YOUSON, J.H.; University of Toronto at Scarborough: Lamprey metamorphosis and a theory on the evolution of adult life history types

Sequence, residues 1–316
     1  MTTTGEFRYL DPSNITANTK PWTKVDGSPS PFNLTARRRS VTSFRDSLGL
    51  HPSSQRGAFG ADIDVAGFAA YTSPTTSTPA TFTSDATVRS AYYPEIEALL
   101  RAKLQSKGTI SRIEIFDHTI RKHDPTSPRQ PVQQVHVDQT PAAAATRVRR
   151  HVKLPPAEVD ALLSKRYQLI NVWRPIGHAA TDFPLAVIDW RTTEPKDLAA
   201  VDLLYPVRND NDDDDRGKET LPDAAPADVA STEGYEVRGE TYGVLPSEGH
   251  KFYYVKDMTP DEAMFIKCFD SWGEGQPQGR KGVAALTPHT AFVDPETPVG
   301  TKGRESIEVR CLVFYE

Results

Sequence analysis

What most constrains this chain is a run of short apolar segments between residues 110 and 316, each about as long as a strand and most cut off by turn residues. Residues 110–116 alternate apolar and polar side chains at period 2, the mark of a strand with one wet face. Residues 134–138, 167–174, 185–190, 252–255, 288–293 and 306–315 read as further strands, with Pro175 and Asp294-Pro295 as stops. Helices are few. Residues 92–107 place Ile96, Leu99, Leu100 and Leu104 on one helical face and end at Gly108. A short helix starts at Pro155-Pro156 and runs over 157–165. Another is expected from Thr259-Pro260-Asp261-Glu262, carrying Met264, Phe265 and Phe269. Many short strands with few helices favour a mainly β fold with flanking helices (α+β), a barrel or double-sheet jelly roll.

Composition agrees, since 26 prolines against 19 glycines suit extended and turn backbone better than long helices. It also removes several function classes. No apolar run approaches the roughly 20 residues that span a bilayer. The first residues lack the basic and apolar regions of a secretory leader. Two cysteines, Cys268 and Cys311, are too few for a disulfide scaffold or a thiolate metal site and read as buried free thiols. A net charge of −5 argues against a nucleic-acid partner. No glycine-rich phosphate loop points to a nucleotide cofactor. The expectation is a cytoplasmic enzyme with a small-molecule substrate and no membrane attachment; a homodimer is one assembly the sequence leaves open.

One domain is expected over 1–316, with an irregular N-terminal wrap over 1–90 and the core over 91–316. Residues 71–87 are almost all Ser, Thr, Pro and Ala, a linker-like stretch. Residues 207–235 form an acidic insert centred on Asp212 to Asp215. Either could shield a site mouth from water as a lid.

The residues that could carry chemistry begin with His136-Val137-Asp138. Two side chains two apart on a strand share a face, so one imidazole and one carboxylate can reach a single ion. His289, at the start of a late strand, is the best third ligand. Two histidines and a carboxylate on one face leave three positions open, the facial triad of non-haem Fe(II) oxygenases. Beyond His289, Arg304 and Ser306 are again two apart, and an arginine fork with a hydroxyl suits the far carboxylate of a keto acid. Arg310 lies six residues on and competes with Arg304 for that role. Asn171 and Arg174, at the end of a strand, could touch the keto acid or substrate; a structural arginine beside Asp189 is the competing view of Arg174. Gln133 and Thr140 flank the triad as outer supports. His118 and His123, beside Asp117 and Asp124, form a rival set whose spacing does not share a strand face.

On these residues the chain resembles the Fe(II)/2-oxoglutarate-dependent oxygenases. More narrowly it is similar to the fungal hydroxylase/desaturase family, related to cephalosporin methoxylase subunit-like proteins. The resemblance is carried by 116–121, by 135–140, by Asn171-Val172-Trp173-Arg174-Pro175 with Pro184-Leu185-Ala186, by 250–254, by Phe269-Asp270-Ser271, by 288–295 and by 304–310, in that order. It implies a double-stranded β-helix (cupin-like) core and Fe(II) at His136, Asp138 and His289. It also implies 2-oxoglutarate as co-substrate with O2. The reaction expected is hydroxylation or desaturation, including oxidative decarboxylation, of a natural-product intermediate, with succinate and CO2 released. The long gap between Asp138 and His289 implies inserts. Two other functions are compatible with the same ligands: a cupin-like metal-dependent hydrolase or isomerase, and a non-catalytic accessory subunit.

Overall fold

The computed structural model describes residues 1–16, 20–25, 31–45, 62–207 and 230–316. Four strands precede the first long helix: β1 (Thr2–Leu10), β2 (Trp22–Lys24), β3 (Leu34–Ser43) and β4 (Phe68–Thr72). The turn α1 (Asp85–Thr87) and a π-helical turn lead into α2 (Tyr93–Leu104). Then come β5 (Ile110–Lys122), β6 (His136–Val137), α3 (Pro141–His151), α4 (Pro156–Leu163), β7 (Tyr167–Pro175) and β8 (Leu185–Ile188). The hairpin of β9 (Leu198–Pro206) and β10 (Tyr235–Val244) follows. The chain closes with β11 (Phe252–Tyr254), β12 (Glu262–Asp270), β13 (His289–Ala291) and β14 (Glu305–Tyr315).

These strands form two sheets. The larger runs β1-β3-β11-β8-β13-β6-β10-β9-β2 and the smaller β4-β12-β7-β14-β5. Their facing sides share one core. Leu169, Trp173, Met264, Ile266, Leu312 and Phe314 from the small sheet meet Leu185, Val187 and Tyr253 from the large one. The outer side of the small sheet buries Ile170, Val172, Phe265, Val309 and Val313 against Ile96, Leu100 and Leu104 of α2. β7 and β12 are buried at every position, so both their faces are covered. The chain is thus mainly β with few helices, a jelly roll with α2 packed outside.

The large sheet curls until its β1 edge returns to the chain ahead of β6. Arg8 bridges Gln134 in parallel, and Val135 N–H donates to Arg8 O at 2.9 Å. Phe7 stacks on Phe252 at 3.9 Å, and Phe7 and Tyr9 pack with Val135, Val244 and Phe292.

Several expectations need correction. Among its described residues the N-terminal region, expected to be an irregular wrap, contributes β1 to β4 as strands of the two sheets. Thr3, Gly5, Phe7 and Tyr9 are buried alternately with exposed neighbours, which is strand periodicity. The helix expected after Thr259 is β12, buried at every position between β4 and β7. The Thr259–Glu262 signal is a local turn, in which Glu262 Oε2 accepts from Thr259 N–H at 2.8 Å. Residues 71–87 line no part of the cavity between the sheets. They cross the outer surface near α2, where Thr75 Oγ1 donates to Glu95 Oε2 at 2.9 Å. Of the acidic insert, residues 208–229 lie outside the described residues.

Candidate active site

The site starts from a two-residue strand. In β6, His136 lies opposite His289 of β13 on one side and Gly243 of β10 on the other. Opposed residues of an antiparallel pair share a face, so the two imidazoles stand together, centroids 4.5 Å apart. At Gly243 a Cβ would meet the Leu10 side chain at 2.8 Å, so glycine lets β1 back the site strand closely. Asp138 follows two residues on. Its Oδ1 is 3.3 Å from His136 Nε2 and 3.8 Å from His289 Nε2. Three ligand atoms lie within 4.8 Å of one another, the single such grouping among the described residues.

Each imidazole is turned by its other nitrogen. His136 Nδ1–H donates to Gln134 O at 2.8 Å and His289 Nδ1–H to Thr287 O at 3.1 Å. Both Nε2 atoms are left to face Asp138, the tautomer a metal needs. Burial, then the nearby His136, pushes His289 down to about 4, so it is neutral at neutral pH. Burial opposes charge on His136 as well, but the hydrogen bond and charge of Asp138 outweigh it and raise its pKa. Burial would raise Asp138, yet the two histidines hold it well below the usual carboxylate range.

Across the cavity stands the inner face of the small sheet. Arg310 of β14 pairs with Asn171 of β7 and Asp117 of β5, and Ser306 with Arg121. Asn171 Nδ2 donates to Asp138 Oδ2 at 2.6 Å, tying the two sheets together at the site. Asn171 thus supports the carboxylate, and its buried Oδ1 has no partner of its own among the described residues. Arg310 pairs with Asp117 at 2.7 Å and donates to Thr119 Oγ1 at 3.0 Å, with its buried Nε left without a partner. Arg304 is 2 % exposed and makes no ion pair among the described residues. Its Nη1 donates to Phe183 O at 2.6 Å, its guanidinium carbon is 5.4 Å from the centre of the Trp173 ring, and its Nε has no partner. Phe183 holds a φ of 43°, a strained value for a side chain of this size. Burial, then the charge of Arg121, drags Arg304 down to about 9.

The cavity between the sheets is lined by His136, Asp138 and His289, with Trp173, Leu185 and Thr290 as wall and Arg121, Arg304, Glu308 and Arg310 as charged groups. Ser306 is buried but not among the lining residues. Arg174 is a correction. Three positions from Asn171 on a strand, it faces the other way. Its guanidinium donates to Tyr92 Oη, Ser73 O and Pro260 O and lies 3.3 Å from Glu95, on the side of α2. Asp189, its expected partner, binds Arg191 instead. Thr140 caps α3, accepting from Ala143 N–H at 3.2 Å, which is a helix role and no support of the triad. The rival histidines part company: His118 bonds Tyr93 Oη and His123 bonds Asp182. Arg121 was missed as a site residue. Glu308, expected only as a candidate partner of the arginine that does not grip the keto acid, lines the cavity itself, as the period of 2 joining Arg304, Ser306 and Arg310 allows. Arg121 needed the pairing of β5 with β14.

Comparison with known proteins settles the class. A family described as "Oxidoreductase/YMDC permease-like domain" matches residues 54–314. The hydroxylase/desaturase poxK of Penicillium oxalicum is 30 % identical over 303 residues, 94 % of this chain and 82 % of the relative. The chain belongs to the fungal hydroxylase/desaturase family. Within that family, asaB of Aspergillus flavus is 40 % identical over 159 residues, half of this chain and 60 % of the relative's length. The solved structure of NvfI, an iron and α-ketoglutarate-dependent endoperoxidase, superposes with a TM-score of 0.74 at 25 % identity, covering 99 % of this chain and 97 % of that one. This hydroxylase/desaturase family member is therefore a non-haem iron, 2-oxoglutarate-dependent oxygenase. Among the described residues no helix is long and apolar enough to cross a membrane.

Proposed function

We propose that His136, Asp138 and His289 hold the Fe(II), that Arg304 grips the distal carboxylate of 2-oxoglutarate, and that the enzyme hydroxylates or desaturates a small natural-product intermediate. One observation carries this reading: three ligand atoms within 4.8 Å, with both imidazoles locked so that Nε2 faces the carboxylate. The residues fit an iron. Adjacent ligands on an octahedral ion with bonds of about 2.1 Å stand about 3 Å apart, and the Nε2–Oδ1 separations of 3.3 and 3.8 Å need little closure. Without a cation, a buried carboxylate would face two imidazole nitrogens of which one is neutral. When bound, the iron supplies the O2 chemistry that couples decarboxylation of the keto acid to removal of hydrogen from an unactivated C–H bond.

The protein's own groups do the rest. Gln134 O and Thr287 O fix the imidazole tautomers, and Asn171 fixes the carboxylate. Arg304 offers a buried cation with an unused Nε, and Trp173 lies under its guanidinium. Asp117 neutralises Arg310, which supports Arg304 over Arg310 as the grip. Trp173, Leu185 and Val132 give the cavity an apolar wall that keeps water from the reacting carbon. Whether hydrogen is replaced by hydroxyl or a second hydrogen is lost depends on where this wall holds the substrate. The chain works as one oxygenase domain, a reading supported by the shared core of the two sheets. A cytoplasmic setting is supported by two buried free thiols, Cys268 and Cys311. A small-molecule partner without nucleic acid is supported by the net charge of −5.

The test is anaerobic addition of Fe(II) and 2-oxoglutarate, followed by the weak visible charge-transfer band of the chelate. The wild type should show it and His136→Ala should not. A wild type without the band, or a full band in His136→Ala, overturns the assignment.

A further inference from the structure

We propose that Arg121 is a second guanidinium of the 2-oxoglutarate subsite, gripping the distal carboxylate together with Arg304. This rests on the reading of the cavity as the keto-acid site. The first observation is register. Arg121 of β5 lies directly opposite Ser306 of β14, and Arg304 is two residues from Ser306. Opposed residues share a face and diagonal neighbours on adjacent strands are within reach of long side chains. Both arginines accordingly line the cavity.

Lampreys, as agnathans, have a direct lineage to the most ancient of vertebrates. Although the other extant agnathan, the hagfish, has direct development, all lamprey species have a free-living larva that undergoes a true metamorphosis into a juvenile. Two adult life histories, nonparasitic and parasitic, are seen among the 38 extant lamprey species with 20 of these being nonparasitic, the more recently evolved adult life history. Paired species, with a nonparasitic and parasitic member, have arisen from a parasitic ancestor. Recent findings of hormone profiles during metamorphosis, the existence of a certain degree of plasticity in the timing of development in wild populations, and the ability to induce precocious metamorphosis have allowed some speculation on both the evolution of metamorphosis as a developmental strategy and the evolution of adult life history types. An attempt will be made to explain the evolutionary origins of the unique thyroid hormone involvement in lamprey metamorphosis. Recent results comparing profiles of the hormone, gonadotropin-releasing hormone, and the prohormone, proopiomelanocortin, during metamorphosis and sexual maturation in a parasitic and nonparasitic species will be integrated into a view of how adult life history is directed during these developmental events. Many of the answers to questions on the control and evolution of metamorphosis in lampreys may be found among organisms that shared their time of origin and their long evolutionary history.